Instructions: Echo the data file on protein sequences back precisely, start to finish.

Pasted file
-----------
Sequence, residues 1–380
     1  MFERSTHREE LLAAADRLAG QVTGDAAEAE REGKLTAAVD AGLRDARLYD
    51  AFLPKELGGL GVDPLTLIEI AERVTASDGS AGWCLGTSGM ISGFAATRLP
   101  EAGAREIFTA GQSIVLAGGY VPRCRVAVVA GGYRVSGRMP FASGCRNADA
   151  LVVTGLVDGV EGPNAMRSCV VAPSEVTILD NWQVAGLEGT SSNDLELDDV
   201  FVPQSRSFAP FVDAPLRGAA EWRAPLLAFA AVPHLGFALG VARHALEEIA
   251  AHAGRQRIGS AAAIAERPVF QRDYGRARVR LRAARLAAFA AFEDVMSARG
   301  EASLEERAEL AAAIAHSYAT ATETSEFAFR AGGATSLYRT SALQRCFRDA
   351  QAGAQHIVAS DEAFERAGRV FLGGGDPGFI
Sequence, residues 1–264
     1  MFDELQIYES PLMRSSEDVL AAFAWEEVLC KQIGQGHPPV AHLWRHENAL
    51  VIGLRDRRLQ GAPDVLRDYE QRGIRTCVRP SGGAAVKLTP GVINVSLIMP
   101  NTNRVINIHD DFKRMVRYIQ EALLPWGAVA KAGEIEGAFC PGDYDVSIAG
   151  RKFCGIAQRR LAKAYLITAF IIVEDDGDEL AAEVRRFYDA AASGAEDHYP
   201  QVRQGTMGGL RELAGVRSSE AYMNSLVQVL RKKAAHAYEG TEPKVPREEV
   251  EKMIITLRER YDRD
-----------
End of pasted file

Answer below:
Sequence, residues 1–380
     1  MFERSTHREE LLAAADRLAG QVTGDAAEAE REGKLTAAVD AGLRDARLYD
    51  AFLPKELGGL GVDPLTLIEI AERVTASDGS AGWCLGTSGM ISGFAATRLP
   101  EAGAREIFTA GQSIVLAGGY VPRCRVAVVA GGYRVSGRMP FASGCRNADA
   151  LVVTGLVDGV EGPNAMRSCV VAPSEVTILD NWQVAGLEGT SSNDLELDDV
   201  FVPQSRSFAP FVDAPLRGAA EWRAPLLAFA AVPHLGFALG VARHALEEIA
   251  AHAGRQRIGS AAAIAERPVF QRDYGRARVR LRAARLAAFA AFEDVMSARG
   301  EASLEERAEL AAAIAHSYAT ATETSEFAFR AGGATSLYRT SALQRCFRDA
   351  QAGAQHIVAS DEAFERAGRV FLGGGDPGFI
Sequence, residues 1–264
     1  MFDELQIYES PLMRSSEDVL AAFAWEEVLC KQIGQGHPPV AHLWRHENAL
    51  VIGLRDRRLQ GAPDVLRDYE QRGIRTCVRP SGGAAVKLTP GVINVSLIMP
   101  NTNRVINIHD DFKRMVRYIQ EALLPWGAVA KAGEIEGAFC PGDYDVSIAG
   151  RKFCGIAQRR LAKAYLITAF IIVEDDGDEL AAEVRRFYDA AASGAEDHYP
   201  QVRQGTMGGL RELAGVRSSE AYMNSLVQVL RKKAAHAYEG TEPKVPREEV
   251  EKMIITLRER YDRD